Combining Factoring and Purchase Order Financing

Sadie Keljikian, Express Trade Capital

The tools of trade finance are frequently misunderstood individually, but even people who are familiar with the inner-workings of factoring, purchase order financing, or letters of credit are often unaware of how they work together. Without a full understanding of how these tools combine, one may not realize the full range of options and solutions available to them.

Many businesses combine different financing methods to maintain and improve their working capital and liquidity. Although banks have characteristically risk averse and rigid collateral requirements, many trade financiers have a more expansive view of collateral, which allows them to take on clients and transactions most banks would reject outright. Receivables factoring, for example, involves small, usually recurring advances, provided against existing invoices. Unlike a bank loan, the lender, or “factor” will collect payment from retail customers. With this method, the borrower doesn’t have to pay back the advance unless a customer defaults or returns the order on the corresponding invoice. Even in those cases, non-recourse factors insure the receivables against payment default by the customer, so the borrower still usually doesn’t have to pay back the factor if the invoice is not paid.

While some banks will lend against receivables, no bank will categorize purchase orders as assets. This means POs cannot be used as collateral to obtain or secure bank loans. Thus, banks will not finance the cost of fulfilling purchase orders based solely on the merit of the purchase orders alone. Purchase order funders will.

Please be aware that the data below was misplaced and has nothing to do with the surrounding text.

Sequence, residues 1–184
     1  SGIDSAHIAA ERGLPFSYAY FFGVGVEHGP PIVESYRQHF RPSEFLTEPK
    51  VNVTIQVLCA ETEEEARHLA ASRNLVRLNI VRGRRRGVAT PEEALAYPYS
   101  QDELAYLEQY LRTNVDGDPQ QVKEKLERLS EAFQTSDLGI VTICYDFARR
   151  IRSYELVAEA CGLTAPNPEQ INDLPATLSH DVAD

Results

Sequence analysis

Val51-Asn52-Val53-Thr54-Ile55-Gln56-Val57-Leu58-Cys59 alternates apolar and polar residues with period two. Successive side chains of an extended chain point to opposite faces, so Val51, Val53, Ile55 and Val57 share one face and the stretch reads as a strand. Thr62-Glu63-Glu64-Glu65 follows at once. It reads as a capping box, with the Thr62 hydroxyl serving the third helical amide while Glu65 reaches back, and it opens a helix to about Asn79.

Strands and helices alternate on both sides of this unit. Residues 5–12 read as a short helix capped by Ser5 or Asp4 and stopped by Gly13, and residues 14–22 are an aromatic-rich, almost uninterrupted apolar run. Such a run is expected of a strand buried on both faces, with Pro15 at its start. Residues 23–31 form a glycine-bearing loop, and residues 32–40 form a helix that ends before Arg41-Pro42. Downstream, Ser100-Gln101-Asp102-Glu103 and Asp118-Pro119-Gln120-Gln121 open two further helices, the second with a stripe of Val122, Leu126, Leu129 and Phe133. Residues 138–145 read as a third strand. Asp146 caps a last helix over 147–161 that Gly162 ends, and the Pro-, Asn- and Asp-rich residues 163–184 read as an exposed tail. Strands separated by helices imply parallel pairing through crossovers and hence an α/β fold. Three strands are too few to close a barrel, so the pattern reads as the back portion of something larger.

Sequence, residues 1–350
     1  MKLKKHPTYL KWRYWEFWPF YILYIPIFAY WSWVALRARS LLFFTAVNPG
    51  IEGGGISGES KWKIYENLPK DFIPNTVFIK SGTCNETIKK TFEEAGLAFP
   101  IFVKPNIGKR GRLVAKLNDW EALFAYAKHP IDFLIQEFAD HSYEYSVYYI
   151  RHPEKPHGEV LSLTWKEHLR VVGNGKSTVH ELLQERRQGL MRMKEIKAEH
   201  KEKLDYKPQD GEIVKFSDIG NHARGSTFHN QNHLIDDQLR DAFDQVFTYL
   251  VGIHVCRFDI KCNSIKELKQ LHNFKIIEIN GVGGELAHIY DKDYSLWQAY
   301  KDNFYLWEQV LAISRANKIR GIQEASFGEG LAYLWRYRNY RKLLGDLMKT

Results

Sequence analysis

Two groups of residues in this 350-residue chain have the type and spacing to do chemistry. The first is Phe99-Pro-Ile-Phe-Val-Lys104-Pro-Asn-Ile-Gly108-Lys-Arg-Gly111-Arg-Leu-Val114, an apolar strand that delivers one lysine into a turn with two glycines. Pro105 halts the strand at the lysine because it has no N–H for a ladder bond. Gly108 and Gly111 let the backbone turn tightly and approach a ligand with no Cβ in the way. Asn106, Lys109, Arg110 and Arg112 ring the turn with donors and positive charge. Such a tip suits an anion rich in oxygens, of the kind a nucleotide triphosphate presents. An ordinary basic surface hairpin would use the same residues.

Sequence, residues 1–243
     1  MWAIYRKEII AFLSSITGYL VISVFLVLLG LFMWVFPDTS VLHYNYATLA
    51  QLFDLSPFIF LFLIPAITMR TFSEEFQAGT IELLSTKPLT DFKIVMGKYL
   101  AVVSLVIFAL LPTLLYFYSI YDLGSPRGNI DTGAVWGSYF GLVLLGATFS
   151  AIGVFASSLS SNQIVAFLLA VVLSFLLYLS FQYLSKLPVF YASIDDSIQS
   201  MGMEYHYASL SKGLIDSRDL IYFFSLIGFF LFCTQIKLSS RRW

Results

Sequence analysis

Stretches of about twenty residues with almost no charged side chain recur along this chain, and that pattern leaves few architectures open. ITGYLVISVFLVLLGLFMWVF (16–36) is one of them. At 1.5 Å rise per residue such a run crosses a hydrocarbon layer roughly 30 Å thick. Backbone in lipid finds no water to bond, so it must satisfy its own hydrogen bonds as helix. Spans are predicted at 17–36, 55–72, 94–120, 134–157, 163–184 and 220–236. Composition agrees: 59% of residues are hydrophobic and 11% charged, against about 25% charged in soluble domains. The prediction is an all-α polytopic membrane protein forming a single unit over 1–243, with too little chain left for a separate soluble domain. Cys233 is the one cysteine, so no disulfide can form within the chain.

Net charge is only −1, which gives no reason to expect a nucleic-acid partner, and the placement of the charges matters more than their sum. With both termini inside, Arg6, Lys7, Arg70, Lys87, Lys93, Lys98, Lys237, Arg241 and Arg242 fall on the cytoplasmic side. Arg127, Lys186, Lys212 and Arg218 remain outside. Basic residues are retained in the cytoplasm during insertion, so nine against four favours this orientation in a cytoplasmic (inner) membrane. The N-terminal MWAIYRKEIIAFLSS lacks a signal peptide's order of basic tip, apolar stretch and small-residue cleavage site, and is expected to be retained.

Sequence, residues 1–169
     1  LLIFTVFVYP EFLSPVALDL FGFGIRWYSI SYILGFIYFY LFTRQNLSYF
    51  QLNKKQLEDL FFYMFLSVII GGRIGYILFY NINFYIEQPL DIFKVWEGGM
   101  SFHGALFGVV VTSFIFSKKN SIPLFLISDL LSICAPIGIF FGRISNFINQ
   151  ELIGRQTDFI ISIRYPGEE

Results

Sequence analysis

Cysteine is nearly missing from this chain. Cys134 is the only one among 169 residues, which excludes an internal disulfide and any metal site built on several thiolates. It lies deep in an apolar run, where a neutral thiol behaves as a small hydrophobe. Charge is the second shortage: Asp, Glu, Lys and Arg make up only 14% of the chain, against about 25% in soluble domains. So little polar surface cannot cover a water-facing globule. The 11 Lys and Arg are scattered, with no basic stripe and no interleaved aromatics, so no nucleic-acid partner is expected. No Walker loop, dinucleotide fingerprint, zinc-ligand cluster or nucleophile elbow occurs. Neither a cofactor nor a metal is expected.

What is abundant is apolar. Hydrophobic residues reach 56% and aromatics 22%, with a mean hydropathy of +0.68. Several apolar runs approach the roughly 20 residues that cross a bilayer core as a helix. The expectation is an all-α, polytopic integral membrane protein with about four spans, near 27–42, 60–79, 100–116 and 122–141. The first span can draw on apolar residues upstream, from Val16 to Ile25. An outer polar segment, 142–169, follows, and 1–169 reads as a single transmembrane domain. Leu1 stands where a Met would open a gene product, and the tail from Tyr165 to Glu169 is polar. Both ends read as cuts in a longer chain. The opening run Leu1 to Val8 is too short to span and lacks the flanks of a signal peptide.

Purchase order financing (or “PO funding”) is a form of lending in which clients with confirmed purchase orders receive funding to bolster or, in some cases, fully cover manufacturing and shipping costs. PO funding is ideal for creating enough cash flow to take on more sales, especially for vendors who sell to customers on open payment terms. Without PO funding, the lag between paying for production and receiving payment from customers can take months and drastically deplete a business’s operational funds. By employing purchase order funding, companies can obtain sufficient cash flow to pay for shipping and production and take on more orders, while deploying any remaining operational funds elsewhere.

What’s truly remarkable, however, is how much cash flow a company can accrue when they combine purchase order financing with factoring. In these cases, the client typically receives both funding varieties from the same institution. The money initially advanced against the purchase orders then translates to an advance against associated invoices and the lender collects repayment from the client’s customers. This means that clients receive funds more quickly and don’t have to pay their lender back.

The result is a simple, continuous system. Here’s an example: